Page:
Left in limbo on “hidden” waiting lists

New analysis reveals 1 in 4 patients are waiting more than 90 days between appointments for Talking Therapy treatment.

31st January 2023 about a 5 minute read



1 in 4 people waiting for mental health treatment left in limbo on hidden waiting lists

Patients struggling with their mental health are left stuck in limbo on “hidden” NHS waiting lists. New analysis by UK charity, Future Care Capital (FCC), reveals that 1 in 4 patients (24%) are waiting more than 90 days between their first and second appointments for NHS Talking Therapy treatment (previously known as IAPT) – a service that provides therapy to adults with conditions like depression, post-traumatic stress disorder and anxiety [1].

These alarming figures also highlight the growing issue of the wait for mental health treatment. The number of people waiting for more than 90 days for their second appointment in the last year has in fact risen by 30% since pre-pandemic [2].

The latest NHS figures from October 2022 indicate that 13,599 people were waiting over 90 days for their second Talking Therapy appointment [3]. This is especially concerning as extensive waits for treatment have been found to have a significant impact on people’s lives, with experts warning that excessive waits between sessions can impact recovery from mental health conditions, and sometimes, result in “some cases spiral into a mental health crisis”. [4]

Also released today, a new report from FCC highlights not only the role of digital mental health tools in supporting those waiting for treatment, but the urgent need to improve the way in which these tools are accessed [5]

FCC spoke to over 500 people who have struggled with mental health and have used digital tools for support. 87% of respondents revealed that they are now relying on smartphone apps for their mental health, with almost a third (31%) of respondents adding that they decided to use digital tools because they did not want to wait for face-to-face support.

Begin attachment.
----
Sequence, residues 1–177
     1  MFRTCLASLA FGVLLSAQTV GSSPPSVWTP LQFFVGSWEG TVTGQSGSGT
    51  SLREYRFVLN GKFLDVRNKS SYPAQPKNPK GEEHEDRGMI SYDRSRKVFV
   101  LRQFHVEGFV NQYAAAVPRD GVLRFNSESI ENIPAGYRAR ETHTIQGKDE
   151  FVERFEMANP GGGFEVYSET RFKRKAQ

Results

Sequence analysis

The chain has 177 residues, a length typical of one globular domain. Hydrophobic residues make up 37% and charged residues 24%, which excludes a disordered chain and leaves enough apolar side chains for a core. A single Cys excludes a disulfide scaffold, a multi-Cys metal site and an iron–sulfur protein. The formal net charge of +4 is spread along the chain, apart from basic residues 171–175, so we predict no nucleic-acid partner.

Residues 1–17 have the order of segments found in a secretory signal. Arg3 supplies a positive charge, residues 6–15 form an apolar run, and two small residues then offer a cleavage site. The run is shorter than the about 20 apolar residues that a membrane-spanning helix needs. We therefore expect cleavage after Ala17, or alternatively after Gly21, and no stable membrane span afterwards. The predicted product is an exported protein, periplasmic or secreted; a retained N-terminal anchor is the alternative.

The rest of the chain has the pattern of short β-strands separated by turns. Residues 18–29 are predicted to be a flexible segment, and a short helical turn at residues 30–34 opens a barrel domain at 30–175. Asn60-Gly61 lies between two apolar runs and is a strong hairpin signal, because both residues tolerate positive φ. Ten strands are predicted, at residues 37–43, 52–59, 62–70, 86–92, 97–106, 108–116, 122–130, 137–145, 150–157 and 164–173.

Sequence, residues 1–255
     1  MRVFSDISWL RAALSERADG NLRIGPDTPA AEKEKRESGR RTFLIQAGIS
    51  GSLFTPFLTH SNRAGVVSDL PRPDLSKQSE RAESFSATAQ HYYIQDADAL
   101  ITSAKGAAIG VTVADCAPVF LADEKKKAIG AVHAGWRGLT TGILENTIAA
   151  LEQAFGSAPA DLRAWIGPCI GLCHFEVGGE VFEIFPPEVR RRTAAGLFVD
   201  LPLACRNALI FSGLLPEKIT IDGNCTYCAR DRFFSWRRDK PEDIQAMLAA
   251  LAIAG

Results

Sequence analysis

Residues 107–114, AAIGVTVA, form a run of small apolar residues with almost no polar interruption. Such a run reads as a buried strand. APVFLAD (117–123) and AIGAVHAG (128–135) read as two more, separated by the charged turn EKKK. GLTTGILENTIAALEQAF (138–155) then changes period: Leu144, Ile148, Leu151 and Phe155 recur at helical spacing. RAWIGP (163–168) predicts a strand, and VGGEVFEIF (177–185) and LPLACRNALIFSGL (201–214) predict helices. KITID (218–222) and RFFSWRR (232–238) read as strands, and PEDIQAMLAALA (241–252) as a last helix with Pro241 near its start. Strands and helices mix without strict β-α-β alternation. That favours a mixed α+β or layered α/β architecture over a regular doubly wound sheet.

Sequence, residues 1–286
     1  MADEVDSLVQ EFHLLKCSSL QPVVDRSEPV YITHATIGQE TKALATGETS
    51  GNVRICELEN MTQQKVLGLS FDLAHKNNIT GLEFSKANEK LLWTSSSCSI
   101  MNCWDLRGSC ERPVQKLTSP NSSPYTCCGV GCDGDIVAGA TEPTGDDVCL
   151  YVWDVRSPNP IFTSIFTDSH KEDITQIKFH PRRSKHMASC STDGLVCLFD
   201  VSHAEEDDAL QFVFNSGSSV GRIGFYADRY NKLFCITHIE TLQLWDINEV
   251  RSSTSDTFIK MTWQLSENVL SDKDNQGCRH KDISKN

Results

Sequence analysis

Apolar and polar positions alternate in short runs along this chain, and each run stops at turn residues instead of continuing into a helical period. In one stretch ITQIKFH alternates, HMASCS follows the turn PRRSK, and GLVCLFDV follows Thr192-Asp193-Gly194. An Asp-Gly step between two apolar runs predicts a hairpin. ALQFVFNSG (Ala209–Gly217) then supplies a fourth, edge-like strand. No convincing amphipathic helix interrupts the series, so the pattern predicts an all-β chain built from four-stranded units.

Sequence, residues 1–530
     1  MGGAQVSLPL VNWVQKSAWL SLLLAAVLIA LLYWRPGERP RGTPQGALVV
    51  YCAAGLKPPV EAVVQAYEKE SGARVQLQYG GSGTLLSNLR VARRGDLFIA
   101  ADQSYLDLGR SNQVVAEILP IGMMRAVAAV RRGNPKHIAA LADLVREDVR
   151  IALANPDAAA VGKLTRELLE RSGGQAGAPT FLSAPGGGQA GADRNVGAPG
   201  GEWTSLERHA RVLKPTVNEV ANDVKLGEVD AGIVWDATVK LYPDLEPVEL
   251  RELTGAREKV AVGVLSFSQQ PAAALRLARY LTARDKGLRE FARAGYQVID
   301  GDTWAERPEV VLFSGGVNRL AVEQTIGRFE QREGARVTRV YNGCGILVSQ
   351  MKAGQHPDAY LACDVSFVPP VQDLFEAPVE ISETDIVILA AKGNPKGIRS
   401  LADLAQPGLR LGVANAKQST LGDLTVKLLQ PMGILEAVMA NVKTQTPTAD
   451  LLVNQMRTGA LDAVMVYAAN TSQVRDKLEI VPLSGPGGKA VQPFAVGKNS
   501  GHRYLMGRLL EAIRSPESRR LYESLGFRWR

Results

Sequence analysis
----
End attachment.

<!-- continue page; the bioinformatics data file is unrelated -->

Crucially, the new report highlights the need to improve both the way in which people access these tools and how medical professionals recommend them, with users saying that they are more than twice as likely to have found a digital mental health tool on social media (33%) than through their GP (13%).

To help address this issue, FCC has launched two new tools. One is a new public guide to digital mental health tools, helping members of the public understand what digital support is available for their specific needs, and the other is the first-ever commissioning tool to help medical professionals and commissioners better understand what digital mental health tools are available for the patients in their care [6].

Both tools will help to provide a better understanding of the strengths and weaknesses of available technology, resulting not just in the accelerated prescription of effective and reliable digital mental health tools, but patients being empowered to make better choices when independently choosing the right digital mental health tools for their individual needs. Whilst these tools may not reduce hidden mental health wait lists, they can help patients to better cope with poor mental health whilst they await treatment.